Moab in Winter

A magical time in a retro place. I can get onboard with that!

Although Moab has changed greatly over the last few years, it still retains that sleepy Americana vibe--especially in winter! It was nice to reconnect with the small town of my childhood this time of year, when Main Street isn't humming with the whine of ATVs.


It is a town central to the National Parks and we were able to stop into Arches (twice!), as well as Dead Horse Point and Canyonlands.

A lot of the restaurants and shops were closed for winter, but there are enough things open to make do.



I was thrilled to finally visit the Hole N the Rock home museum. It was ridiculously cool. I've stopped by for years but never actually made it on the tour until this trip. It wasn't hard to convince my husband to do it, as it combined all things nerdy that we love into an epic 5,000 square foot home that's basically a 1960s time capsule. The couple that lived there were an artist husband and his jewelry-making wife, Albert & Gladys Christensen. They were living the dream!

They don't allow photos on the tour (and I didn't want to upset the friendly ghost of Gladys) but here are some pictures I found online to give you an idea of the absolute wonder of this place.

It's basically the world's first zero emission home! And the fact it is carved into the sandstone means the temperature is self-regulating, so it's always about 67 degrees. The seafoam green kitchen was my favorite, but the giant bathtub carved into the rock was a close second. Seeing what one couple could make with their own hands was a rush of creative inspiration.

If you look above the "K" in the photo below you can see the top of the chimney poking out of the rock!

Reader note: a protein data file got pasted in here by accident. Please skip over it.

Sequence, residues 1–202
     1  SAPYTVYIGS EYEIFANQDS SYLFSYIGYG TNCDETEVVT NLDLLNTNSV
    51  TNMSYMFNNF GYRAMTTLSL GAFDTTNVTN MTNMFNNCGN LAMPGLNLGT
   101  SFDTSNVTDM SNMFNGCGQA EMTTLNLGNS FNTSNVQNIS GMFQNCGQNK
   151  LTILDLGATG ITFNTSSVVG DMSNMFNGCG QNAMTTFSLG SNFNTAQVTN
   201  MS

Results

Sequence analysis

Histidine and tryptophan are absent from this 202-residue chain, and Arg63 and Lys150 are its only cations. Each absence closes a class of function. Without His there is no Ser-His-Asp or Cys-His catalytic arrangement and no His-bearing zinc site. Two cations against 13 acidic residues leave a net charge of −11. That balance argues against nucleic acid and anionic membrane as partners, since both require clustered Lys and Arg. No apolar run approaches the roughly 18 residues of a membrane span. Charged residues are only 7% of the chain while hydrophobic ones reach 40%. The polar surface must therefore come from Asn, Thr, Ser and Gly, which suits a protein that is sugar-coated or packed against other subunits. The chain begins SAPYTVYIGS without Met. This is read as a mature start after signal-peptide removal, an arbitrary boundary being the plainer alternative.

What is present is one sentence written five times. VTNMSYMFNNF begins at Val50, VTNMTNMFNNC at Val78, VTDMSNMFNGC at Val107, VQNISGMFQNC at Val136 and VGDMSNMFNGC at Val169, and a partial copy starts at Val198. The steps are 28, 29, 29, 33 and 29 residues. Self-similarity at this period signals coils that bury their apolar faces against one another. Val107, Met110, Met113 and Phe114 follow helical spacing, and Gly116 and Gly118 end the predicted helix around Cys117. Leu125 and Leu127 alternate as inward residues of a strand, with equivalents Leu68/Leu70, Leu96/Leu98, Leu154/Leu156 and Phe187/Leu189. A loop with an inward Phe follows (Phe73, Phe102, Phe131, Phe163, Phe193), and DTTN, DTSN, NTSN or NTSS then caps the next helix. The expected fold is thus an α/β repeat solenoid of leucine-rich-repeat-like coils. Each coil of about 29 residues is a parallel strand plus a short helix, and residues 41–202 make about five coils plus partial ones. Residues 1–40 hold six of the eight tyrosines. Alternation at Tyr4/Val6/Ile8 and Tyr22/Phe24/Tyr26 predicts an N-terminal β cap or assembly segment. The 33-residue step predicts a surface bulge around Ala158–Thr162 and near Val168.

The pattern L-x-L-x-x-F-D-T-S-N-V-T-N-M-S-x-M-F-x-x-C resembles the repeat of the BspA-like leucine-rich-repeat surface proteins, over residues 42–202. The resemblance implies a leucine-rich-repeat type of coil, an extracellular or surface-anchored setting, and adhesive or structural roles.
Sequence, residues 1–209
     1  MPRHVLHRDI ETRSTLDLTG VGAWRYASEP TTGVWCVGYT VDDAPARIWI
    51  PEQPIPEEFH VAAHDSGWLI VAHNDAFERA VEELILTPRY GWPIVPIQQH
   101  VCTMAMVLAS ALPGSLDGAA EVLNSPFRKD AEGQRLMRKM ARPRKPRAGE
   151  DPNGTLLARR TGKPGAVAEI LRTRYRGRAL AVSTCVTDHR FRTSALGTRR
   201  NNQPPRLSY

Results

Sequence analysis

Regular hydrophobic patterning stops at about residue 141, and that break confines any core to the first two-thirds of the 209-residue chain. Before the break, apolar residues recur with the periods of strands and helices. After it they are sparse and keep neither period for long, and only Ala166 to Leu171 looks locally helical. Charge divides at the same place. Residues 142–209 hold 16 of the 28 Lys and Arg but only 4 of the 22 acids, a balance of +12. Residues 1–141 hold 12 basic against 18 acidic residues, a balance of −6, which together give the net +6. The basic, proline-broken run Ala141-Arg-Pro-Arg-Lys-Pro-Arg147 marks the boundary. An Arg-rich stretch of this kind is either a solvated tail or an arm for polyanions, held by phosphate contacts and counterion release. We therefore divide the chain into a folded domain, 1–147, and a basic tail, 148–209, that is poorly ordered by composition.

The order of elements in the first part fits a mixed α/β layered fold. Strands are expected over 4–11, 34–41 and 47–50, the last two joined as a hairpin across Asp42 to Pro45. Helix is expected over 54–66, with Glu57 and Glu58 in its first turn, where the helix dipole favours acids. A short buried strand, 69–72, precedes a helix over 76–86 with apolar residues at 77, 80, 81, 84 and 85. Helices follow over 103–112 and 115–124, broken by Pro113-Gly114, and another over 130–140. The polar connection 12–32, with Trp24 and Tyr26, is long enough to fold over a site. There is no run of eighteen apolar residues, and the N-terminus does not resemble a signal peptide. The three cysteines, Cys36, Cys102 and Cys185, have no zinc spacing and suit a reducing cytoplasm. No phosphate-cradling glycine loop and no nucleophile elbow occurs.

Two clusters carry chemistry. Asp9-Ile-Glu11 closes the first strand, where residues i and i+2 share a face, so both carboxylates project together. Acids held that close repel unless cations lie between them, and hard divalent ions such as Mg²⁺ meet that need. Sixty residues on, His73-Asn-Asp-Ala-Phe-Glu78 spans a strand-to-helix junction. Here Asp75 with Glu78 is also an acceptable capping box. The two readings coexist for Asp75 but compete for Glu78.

As far as the nearby parks go, I highly recommend Dead Horse Point. It is a state park, rather than national, and it is right up against Canyonlands so if you're already going to Islands in the Sky, there is no reason to not stop into Dead Horse along the way. The vistas are jaw-dropping. No matter how many times I go, it still takes me breath away and gives me vertigo, in that order.



Like all of the red rock I saw on this trip, I can attest that the view was 10x better with a dusting of snow. It gives more depth and perspective to something so BIG it is easy to lose a sense of scale.




It was strange seeing Canyonlands so very empty, and awesome to do a bit of offroading in the winter. Every time I visit Canyonlands I am blown away by how huge this park is and how much diverse land it encompasses!

I was also (finally!!!) able to visit Newspaper Rock!


One of the largest collections of petroglyphs in one place, Newspaper Rock is incredible because it was contributed to by 6 different Native American cultures, spanning 2,000 years (Archaic, Anasazi, Fremont, Navajo, Anglo, & Pueblo). It is protected by a large overhanging rock and is gorgeously stark, as they carved the symbols through the desert varnish!

It was so special to have time alone at this site to muse on the meanings of the pictographs and the people who created them. I left feeling very inspired and grateful I was able to check this long-standing item off of my bucket list.


I can't wait to capture all of this inspiration on the canvas.




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